Rosh Hashanah 5777

October 20, 2016

I would like to start this sermon with a story.

This is a story of a person who is a multi-millionaire. To preserve his identity let’s call him Jack.

Jack is a multimillionaire who lives somewhere in the US and he hosted a party in his mansion.

Huge party. Great food and drinks, great music by the DJ. La crèmes Della crèmes  were present.

Around 1 AM some people were already happy and drank too much, including Jack. Here comes Jack, who stops the music and makes an announcement: The person who swims the length of this pool filled with alligators I will give three things: My cars, my planes and my mansion.

When Jack finished the sentence, there was one person already in the pool fighting with alligators. All his clothes were torn apart, scratches all over the body, alligators everywhere. He fights, swims, goes under water, gets hurt but he makes it to the other side of the pool.

As he gets out of the pool he starts looking around.

Jack approaches him and congratulates him. Mazal tov my friend!!! You did it. The guy keeps looking around.

Jack says: what are you looking for?  My cars? They are over there  – they are all yours!!!

The guy answers: I do not need cars, I have plenty!!!

Ah, so you are looking for my planes!! They are over there, they are all yours!!

No, I do not need a plane, I can buy a ticket if needed.

So, what are you looking for? My mansion? It’s over there and it’s all yours.

No, I have a great house I do not need another one?

So what are you trying to find?

I am trying to find the guy who pushed me into the pool.

I am glad we started the year laughing. It is a great way to start the year.


I believe this a very profound story. Even though this is a joke, I truly believe there are many lessons to be learned. But first let me tell you that I first heard this joke in Hebrew and when you hear the story in Hebrew things make even more sense.

So we started the year laughing. Let’s continue it by learning together.

How do we say to push in Hebrew. Lidchof, very nice. Every word in Hebrew has a root 99% of the times the root has 3 letter so what is the root of Lidchof?   דחפ


What other word in Hebrew can we form with these three letters? Pachad. Fear, being afraid of.

So now you start seeing how this story makes more sense.

Dear friends, we all need a push in our lives.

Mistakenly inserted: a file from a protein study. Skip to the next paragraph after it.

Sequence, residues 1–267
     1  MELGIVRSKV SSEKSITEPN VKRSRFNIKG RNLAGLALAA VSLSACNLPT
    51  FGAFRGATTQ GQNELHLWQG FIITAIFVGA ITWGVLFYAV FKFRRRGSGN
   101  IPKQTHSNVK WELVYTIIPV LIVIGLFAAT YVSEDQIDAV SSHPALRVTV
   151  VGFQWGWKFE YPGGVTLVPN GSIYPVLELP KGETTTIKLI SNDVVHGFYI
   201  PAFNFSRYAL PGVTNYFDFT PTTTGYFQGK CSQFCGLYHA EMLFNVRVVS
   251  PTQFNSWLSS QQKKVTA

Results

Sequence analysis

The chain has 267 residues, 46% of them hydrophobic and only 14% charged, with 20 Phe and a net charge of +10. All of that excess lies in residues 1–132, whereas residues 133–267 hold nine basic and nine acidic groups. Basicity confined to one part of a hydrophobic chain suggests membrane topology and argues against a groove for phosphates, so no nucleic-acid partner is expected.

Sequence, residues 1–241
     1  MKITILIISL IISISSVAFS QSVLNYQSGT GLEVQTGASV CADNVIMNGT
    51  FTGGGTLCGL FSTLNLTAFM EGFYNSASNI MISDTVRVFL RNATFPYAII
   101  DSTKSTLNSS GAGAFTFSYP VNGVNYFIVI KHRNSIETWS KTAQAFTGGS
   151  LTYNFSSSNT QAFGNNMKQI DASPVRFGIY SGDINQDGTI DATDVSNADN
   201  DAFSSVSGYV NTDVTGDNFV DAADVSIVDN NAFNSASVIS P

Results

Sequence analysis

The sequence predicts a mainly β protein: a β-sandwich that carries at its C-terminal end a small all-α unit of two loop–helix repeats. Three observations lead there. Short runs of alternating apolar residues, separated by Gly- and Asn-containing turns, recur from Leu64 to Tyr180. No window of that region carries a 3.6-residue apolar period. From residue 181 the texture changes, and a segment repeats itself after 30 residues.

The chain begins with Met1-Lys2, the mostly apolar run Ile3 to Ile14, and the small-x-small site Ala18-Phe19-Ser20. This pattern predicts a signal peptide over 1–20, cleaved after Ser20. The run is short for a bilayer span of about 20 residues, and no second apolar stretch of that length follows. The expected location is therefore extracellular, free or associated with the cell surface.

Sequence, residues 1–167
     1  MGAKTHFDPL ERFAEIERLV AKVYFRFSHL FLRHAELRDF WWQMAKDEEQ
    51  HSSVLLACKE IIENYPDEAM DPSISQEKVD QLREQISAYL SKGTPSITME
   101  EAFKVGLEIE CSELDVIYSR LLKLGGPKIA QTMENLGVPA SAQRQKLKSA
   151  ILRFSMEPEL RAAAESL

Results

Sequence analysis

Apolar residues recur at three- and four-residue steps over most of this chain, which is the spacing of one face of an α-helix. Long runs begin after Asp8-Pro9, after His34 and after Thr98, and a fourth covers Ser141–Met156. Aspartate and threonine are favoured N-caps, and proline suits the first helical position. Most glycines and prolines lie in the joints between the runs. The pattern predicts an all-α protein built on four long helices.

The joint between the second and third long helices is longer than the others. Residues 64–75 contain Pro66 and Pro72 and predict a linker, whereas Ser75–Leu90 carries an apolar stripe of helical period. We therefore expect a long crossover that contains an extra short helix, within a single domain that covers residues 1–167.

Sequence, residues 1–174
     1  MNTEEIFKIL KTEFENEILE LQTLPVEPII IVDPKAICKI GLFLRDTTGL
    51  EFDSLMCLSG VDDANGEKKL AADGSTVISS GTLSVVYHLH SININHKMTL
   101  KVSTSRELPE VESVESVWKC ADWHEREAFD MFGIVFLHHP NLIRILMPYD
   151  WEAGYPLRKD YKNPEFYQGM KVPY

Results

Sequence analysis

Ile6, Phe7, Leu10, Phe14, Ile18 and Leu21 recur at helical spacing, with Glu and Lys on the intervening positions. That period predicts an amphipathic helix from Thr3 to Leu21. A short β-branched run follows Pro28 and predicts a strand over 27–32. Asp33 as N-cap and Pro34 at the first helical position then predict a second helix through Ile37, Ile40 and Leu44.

We all need to be pushed to accomplish.

We all need to be pushed to achieve.

Imagine for a second: would the person who was pushed into the pool have done that without being pushed? I don’t think so.

Imagine for a second if the person who crossed the pool was looking for the pusher in order to thank him. Without his push he would have never imagined being able to cross the pool.

Imagine for a second if the pusher was trying to help instead of trying to harm.

So now that you’ve used your imagination to see the story in a different way, I would like to invite you to do a short exercise.

Take 30 seconds. Think of those who pushed you in your life. Think of those who encouraged you.

Are they alive? Did you say thank you to them?

Now take another 30 seconds and think of those whom you have pushed.

How did you help them? Was that enough?

Could you have done better?

I am sure we all could have done better pushing others, encouraging others, inspiring others. The problem is, that sometimes, we are afraid to push; and to be pushed, we have to have pachad min hadechifa, a fear of being pushed or  pushing others.

The Torah Reading that we read in Rosh Hashanah, the classical text of the akeida is filled with Pachad, with fear.

I cannot imagine Abraham other than a person filled with fear when he had to “push” his son to sacrifice him. Three days of walking, of pushing himself to do something he didn’t want to do, pushing his son to be slaughtered.

I cannot imagine Isaac other than as a young boy being pushed by his father, without being told where they were going and why does his father have a knife in his hands.

In fact the Torah refers to Gd in the book of Genesis as Elohei Abraham U pachad Itzchak (Genesis 31:42) the Gd of Abraham and the fear of Isaac. This is the first time in the whole Bible the word Pachad, fear, appears.

Abraham and Isaac afraid to push and afraid to be pushed.